Smallholder farmers have received a huge boost following the decision by Cabinet to reconfigure Agribank so that it provides short, medium and long term financing packages as Government moves to enhance productivity.
The decision will add impetus to the attainment of Vision 2030, while the issue of land tenure will not be a problem since Government owns both the land and the bank.
Under the deal, now being concretised by Treasury, the Attorney-General’s Office, the Ministry of Lands, Agriculture, Water and Rural Resettlement and the RBZ, Agribank will become a land bank modelled along the defunct Agricultural Finance Corporation.
This was said by Information, Publicity and Broadcasting Services Minister Monica Mutsvangwa during a post-Cabinet media briefing yesterday.
“Cabinet noted that the establishment of vibrant and diversified rural financial services which are underwritten by a Land Bank or its equivalent will be an important step which the country should take in order to move towards upper middle income status. This is in view of the realisation that smallholder farmers comprising Communal, Old Resettlement, Small-Scale Commercial and A1 farmers constitute 99 percent of the farming population, holding up to 95 percent of the productive land and owning over 90 percent of the national livestock herd,” said Minister Mutsvangwa.
“The bank will also provide investment support for A1, A2 and small-scale commercial farmers (matenganyika), who have not been supported by commercial banks.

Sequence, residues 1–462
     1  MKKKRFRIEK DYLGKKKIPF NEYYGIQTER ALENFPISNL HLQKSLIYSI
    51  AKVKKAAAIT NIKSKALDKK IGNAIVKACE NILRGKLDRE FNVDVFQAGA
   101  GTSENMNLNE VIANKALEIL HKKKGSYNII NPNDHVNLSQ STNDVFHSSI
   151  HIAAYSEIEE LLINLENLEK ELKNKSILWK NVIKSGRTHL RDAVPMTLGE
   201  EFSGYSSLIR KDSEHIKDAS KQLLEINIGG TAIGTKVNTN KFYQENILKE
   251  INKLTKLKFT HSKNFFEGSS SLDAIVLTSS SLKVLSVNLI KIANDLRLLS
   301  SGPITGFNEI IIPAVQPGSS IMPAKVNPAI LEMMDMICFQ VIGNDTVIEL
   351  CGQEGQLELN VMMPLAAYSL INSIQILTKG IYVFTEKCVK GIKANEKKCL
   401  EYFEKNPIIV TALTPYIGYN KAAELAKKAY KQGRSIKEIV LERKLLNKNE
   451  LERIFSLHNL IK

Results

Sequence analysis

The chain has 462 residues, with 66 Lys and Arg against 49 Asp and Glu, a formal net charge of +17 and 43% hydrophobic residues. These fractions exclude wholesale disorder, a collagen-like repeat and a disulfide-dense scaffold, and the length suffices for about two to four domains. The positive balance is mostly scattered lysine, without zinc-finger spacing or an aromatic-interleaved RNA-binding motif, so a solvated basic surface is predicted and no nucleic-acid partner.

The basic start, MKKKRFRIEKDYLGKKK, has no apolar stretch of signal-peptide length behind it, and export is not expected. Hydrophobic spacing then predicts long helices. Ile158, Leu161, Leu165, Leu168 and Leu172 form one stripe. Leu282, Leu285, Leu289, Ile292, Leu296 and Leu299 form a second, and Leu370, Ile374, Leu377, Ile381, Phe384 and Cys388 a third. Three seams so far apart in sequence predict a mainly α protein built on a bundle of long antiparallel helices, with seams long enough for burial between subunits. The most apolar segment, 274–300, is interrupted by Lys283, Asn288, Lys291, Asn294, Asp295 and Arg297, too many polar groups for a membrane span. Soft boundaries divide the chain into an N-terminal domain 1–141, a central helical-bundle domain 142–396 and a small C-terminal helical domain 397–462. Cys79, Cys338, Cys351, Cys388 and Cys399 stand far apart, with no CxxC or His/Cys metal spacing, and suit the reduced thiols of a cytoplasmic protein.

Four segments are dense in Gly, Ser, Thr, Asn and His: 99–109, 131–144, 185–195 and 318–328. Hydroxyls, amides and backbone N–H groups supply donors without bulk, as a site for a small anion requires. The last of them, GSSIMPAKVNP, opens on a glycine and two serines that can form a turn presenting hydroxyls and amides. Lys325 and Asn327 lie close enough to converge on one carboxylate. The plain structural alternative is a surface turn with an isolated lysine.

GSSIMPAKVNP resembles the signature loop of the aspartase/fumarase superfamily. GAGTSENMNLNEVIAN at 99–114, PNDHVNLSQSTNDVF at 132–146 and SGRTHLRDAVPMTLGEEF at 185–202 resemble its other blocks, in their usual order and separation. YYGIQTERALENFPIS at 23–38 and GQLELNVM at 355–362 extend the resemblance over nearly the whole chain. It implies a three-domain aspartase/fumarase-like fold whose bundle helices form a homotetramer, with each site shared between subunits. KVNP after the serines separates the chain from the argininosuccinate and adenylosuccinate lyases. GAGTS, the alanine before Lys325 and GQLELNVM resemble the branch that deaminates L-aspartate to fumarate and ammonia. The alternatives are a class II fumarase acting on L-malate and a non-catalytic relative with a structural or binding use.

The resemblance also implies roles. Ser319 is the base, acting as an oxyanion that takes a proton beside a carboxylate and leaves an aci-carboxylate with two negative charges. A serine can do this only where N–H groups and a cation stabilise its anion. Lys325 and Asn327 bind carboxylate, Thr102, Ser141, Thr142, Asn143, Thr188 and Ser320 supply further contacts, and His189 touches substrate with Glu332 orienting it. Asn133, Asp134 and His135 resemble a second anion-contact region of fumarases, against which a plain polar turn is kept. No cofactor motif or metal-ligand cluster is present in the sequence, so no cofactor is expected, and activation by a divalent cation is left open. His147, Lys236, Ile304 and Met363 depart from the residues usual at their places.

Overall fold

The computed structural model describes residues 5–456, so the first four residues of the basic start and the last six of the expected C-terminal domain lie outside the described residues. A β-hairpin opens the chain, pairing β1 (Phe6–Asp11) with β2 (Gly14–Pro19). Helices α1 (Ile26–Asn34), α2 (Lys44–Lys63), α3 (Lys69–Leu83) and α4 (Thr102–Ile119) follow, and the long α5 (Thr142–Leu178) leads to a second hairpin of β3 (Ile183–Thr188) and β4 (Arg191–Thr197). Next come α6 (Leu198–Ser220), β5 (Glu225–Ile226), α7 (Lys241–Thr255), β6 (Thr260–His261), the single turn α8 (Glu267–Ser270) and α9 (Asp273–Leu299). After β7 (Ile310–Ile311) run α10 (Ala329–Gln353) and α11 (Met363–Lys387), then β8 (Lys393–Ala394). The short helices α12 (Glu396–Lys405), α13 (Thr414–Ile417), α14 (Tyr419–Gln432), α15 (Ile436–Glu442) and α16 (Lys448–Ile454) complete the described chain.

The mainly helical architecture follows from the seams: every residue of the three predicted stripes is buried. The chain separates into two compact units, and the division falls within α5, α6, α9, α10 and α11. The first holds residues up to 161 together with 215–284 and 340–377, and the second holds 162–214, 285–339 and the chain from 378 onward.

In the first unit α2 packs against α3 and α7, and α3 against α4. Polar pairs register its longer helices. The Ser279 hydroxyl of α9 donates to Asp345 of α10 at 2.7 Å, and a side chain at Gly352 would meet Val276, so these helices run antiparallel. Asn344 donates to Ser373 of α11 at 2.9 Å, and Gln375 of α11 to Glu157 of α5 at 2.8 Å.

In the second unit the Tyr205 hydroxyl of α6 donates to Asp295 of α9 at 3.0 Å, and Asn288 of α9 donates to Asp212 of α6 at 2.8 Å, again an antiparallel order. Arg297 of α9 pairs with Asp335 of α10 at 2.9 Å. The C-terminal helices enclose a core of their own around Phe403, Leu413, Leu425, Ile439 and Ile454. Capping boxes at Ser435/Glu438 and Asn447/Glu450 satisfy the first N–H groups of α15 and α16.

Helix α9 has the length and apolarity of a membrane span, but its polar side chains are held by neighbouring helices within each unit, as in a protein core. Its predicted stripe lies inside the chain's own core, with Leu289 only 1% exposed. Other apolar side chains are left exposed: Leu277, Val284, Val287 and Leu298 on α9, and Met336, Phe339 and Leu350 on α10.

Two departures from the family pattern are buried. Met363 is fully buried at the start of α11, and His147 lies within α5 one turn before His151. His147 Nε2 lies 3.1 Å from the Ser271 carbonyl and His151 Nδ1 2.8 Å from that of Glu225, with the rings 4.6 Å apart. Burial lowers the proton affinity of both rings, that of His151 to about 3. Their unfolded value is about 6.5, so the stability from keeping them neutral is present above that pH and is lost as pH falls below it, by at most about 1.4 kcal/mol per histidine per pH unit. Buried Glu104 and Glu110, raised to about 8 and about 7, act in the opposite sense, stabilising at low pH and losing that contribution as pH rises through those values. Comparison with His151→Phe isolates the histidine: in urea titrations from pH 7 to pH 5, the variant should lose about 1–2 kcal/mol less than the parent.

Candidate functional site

“It will link currently under-utilised land to structured markets and established value chains supplying factories, supermarkets and export markets and also provide working capital for the construction of agricultural infrastructure as well as for value addition and beneficiation enterprises.”
She said the bank will mobilise private sector finance in order to contribute to job creation, food security and social protection in rural communities.
Responding to enquiries, Finance and Economic Development Minister Prof Mthuli Ncube said the provision of loans will not be affected by the absence of 99-year leases.
“The 99-year lease is not a problem, but is actually a solution. Government owns the bank and the land so there is no collateral risk arising from any difficult with 99-year leases,” said Prof Ncube.